Selected Redox Reactions

Topics: Redox, Zinc, Oxidizing agent Pages: 5 (1161 words) Published: July 15, 2013

Oxidation-Reduction reaction also known as redox reaction is a process in which there’s a net movement of electrons between reacting species. These types of reactions involve two separate elementary reactions: one that loses electrons and another that gains the electrons that was lost. Gaining of electrons is referred to as Reduction reaction (the species that undergoes reduction is called as oxidizing agent) while losing of electrons is called Oxidation reaction (the reducing agent is the species that undergoes oxidation).

In this experiment, seven different set-ups were made which were eventually divided into three different groups. Group 1, those on Part A, were set-ups that investigated the reaction of the permanganate (MnO4-) ion in different media. Group 2, those on Part B, were set-ups that were done in order to study the reaction of Fe(SCN)2+ ion with that of elemental zinc. While the last, Group 3, those on Part C were set-ups that investigated the reaction of Fe4[Fe(CN)6]3 with that of elemental zinc.

Group 1, test tubes A to C, vary greatly from each other. This is probably because they differ in the medium used for the reaction to took place. In test tube A, brown precipitate, MnO2, was observed. The reaction was then supported by the equations displayed below:

Test Tube A (Neutral Media)
Reduction Rxn:
2(MnO4- + 4H+ + 3e-) -> (MnO2 + 2H2O)2
Oxidation Rxn:
3(SO32- + H2O) -> (SO42- + 2H+ + 2e-)3
Net Ionic Eq’n:
2MnO4-(aq) + 3SO32-(aq) + 2H+(aq) -> 2MnO2(s) + 3SO42-(aq) + H2O(l)

In test tube B, in which the reaction was done in acidic medium, it was observed that there’s no visible reaction. In this reaction, Mn2+ ion was formed. This ion is colorless and supposedly the solution will turned out to be colorless. It could be that Mn2+ produced was too small that it was not observable at all. This observation was supported by the equations below:

Test Tube B (Acidic Media)
Reduction Rxn:
2(MnO4- + 8H+ + 5e-) -> (Mn2+ + 4H2O)2
Oxidation Rxn:
5(SO32- + H2O) -> (SO42- + 2H+ + 2e-)5
Net Ionic Eq’n:
2MnO4-(aq) + 5SO32-(aq) + 6H+(aq) -> 2Mn2+(aq) + 5SO42-(aq) + 3H2O(l)

In test tube C in which the used medium was basic, it was observed that a green precipitate was formed and then it was soon changed to brown precipitate. The green precipitate that was observed in the reaction may be due to the presence of MnO42- which is a dark green color solution. While the brown precipitate could be due to the mixture of MnO42- to either MnO4- (deep violet) or MnO43- (deep blue) ions. The formation of MnO42- was supported by the equations below:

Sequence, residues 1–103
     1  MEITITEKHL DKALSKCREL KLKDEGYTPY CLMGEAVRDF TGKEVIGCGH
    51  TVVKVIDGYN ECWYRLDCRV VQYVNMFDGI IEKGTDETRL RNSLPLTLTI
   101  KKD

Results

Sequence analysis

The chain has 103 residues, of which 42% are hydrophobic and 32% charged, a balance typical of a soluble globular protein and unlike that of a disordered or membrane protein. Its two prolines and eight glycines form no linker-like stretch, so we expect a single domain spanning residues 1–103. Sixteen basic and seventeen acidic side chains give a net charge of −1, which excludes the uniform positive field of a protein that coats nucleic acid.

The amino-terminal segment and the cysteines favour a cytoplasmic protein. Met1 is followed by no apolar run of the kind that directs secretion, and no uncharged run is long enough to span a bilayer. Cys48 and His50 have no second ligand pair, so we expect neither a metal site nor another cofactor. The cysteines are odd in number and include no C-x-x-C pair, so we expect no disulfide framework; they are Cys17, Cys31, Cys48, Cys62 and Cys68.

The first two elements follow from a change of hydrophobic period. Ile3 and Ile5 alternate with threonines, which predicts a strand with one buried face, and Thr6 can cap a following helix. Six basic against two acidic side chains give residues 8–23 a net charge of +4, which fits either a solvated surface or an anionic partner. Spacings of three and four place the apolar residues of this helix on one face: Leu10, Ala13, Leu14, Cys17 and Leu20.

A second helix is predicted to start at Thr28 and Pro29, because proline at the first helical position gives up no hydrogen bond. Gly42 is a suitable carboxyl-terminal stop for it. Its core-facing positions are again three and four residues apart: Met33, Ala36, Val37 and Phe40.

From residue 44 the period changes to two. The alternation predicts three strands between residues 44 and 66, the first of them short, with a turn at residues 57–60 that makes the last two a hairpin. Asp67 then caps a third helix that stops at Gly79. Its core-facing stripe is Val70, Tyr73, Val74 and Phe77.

Test Tube C (Basic Media)
Reduction Rxn:
2(MnO4- + e-) -> (MnO42-)2
Oxidation Rxn:
SO32- + H2O -> SO42- + 2H+ + 2e-
Net Ionic Eq’n:
2MnO4-(aq) + SO32-(aq) + 2OH-(aq) -> 2MnO42-(aq) + SO42-(aq) + H2O(l)

Test tube D in Group 2, was observed to form a blood red complex, FeSCN2+, which was supported by the equation:

Test Tube D
Fe3+(aq) + SCN-(aq) -> FeSCN2+(aq)

Test tube D acted as a control solution for test tube E so that we observe the changes in the solution after adding elemental zinc. In test tube E, it was observed that the solution changed to orange then to yellow. And lastly, it was observed to have a dark orange precipitate in a colorless solution. We can say that there really was a reaction that happened between FeSCN2+ and Zn because as what we have observed, the intensity of the color of the solution decreased (breaking down of FeSCN2+ to Fe3+ and SCN- ions) which also imply that there’s dissolution of Zn metal. The reactions that happened are presented below:

Test Tube E
Reduction Rxn:
2(FeSCN2+ + e-) -> (SCN- + Fe2+)2
Oxidation Rxn:
Zn -> Zn2+ + 2e-
Net Ionic Eq’n:
Zn(s) + 2FeSCN2+(aq) -> Zn2+(aq) + 2Fe2+(aq) + 2SCN-(aq)

The last group, Group 3 which was composed of test tube F and G was somehow similar to that of Group 2. Test tube F was observed to form a prussian blue...

References: Advameg, Inc., 2013. Manganese. In Chemistry Explained: Foundations and Applications. Retrieved March 20, 2013 from,
De Vera, G., (n.d.) Selected Redox Reactions. In Scribd. Retrieved March 20, 2013 from,
Petrucci, R.H., Harwood, W.S., Herring, F.G. General Chemistry: Principles and Modern Applications 8th ed. Pearson Education South Asia Pte. Ltd. Singapore 2004
Silberberg, M.S., Chemistry: The Molecular Nature of Matter and Change 5th ed. McGraw-Hill Companies, Inc., New York 2009
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